Ethiopia has nine UNESCO World Heritage Sites and we can take you to all of them. No African country has more United Nations Educational, Scientific and Cultural Organization (UNESCO) sites than Ethiopia. UNESCO recognizes and protects sites of globally significant, cultural or natural heritage value. In Ethiopia, 8 are cultural and one is natural - the Simien Mountains National Park.
Ethiopian Adventure Tours will take you to 7 of these incredible locations on our 16-day Wildlife and History tour - Konso Cultural Landscape and the Lower Valley of the Omo River are the two southern sites that are visited as part of the 7-day Lower Omo River valley tour.
The Kingdom of Axum dominated the area between the eastern Roman Empire and ancient India and grew rich and powerful through its control of key trade routes. The city’s ruins – dating between the 1st and 13 century AD include the world’s largest monolithic obelisk known locally as stelae – some of which rise above 23 metres. The Ezana stone with the same message chiseled in 3 ancient languages has an historic and linguistic significance similar to the Rosetta Stone of Egypt. The Ark of the Covenant and the ruins of the palace of the Queen of Sheba are believed to be at Axum.
Fasil Ghebbi in Gondar city, also known as the Royal Enclosure is a fortress-city and, was the residence of the Ethiopian emperor Fasilidas and his successors. Fasilidas built the first fortified royal residence known as Fasilidas’ Castle inside a high perimeter wall with 12 gates. Gondar has several ancient sites including the extraordinary 'Fasil's Bath' and the beautiful murals of Debre Birhan Selassie church known for the angel faces painted on its ceiling. Fasil Ghebbi was also Ethiopia’s capital during the 17th to 19th centuries.
This ancient walled city of labyrinthine alleyways is considered to be the fourth holiest city in Islam (after Mecca, Medina and Jerusalem). Located in the drier and hotter eastern lowlands, Harar is a recipient of a UN City of Peace medal and is known for the history of peaceful relations between Muslims, Christians and the five ethnic groups in the region. Harar grew to prominence as a centre of the coffee trade, its position on key trade routes and came to be known as The City of Saints for its status in Islamic culture in this east African region.
The earliest known remains from the beginning of our species have been found in this region; considered the world's most early human ancestor, the 3.2-million-year-old ape "Lucy" was the first Australopithecus afarensis (extinct hominin) skeleton ever found though her remains are only about 40 percent complete.The Awash River drains rainfall from the highlands and runs through the homeland of the Afar people into the Afar/ Danakil Desert eventually evaporating in a series of lakes before it reaches the Red Sea coast.
As one of Ethiopia’s holiest cities in the Orthodox Christian tradition and a centre for pilgrimage, Lalibela is known primarily for its 11 ancient medieval churches carved out of solid rock dating from the 12th century. The churches weren’t built with traditional methods but were rather hewn from solid rock, chiseled on the outside and elaborately carved out and decorated on the inside. These ancient buildings’ construction are attributed to King Lalibela as a safer pilgrimage destination as a ‘New Jerusalem’ after Muslim forces captured Jerusalem in 1187. Lalibela was also Ethiopia’s capital from late 12th century to the 13th century.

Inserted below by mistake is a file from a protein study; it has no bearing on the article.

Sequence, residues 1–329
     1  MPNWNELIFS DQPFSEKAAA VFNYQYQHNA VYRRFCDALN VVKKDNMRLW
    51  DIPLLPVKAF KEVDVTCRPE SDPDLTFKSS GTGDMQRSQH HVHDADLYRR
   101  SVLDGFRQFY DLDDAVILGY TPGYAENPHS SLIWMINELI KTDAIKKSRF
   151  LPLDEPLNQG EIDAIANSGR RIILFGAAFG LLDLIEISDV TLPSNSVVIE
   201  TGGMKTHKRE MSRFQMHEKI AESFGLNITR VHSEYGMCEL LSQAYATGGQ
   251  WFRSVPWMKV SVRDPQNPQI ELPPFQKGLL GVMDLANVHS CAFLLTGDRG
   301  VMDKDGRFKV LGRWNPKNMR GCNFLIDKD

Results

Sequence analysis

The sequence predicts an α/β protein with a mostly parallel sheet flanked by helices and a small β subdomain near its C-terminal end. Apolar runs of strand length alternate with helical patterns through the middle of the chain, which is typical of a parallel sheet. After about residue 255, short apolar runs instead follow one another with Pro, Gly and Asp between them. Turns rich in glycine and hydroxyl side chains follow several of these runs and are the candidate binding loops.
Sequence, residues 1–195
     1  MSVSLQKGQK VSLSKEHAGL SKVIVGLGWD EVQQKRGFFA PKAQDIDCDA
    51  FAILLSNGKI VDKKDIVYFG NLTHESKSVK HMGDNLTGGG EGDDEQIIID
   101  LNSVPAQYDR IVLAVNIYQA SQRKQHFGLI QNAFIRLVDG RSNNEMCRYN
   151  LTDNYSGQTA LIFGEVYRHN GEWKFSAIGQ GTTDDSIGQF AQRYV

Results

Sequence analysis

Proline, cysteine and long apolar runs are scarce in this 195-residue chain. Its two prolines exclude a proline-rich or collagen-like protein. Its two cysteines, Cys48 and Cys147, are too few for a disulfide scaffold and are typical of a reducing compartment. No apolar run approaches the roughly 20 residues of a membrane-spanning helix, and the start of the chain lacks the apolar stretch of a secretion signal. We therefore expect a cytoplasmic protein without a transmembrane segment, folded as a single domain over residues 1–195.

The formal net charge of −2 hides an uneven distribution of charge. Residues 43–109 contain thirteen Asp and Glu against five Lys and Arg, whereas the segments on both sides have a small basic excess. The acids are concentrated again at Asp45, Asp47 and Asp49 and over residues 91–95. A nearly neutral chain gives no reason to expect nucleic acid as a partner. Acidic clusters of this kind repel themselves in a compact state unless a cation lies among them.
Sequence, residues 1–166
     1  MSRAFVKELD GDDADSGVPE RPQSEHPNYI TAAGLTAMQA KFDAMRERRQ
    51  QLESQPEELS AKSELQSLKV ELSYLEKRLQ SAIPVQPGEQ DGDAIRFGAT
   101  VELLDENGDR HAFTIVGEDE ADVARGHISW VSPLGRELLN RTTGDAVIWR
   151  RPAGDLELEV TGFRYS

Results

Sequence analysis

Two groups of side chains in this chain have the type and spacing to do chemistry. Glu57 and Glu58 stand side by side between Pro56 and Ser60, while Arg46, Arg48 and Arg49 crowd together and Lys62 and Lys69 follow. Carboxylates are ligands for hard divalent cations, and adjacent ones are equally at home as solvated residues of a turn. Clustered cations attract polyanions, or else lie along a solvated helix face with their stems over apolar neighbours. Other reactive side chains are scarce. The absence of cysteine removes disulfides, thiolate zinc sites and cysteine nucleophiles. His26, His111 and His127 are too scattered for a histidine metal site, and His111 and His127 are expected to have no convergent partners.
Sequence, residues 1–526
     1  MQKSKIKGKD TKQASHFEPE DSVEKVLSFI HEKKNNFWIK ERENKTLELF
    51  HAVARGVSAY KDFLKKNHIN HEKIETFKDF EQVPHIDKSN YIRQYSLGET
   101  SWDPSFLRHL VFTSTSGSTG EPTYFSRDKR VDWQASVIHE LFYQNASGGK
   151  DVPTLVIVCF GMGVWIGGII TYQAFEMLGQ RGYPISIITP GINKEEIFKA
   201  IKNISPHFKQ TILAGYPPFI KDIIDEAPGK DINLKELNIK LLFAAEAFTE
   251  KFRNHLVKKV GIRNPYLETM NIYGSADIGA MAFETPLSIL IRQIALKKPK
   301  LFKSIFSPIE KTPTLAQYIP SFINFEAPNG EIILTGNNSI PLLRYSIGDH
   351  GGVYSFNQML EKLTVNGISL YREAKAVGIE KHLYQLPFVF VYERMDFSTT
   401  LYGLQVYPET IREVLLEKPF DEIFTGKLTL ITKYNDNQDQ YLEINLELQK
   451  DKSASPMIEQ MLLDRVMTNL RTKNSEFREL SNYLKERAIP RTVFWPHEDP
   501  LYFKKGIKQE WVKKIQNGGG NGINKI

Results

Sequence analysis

The ancient archaeological site of Tiya boasts over 36 monolithic monuments or columns, including 32 carved stelae with symbols chiseled in relief that signify the ancient culture of Ethiopia, the age of which has not yet been completely determined. The identity of the artists/ architects is unknown, but stone stools dated from 250,000 – 280,000 years ago have been found nearby. The stelae are considered to have been built between the 11th and 13th centuries CE.
Please note that a visit here is optional.
The Simien Mountains National Park is the heart of Africa's greatest mountainous area. The Simien Mountains were built by eroded volcanic cores from eruptions dated as 75 m years ago. The scenery is breathtaking with an array of rivers, forests and a rich cultural heritage. The Simien Mountains’ highest peak and Africa’s 10th highest, is Ras Dashen at 4,550 m. This region is home to some spectacular endemic mammal species – including the Gelada Baboon, the Walia Ibex, Caracal and the Simien Wolf. The mountains are also populated with large birds of prey such as the Lammergeier with its spectacular 3 m wingspan.
This area is home to the local Konso people in the far south of Ethiopia. The Konso people use traditional terracing and irrigation techniques in this mountainous region. Wooden carvings called Waga sculptures honour the memory of respected ancestors. Fossils found in the area indicate the ancient presence of some of our earliest hominid ancestors.
See our new 7 day tour to the Lower Valley of the Omo River that includes a visit to Konso.
The Omo River is also in the far south of Ethiopia and drains south into Lake Turkana in Kenya. The entire area is important archaeologically and geologically with fossils and tools found at several locations from 2.4 m years ago. The great diversity of peoples and cultures in this region lead many scholars to think it was an ancient crossroads for migrating ethnic groups and cultures.
See our new 7 day tour to this fascinating region.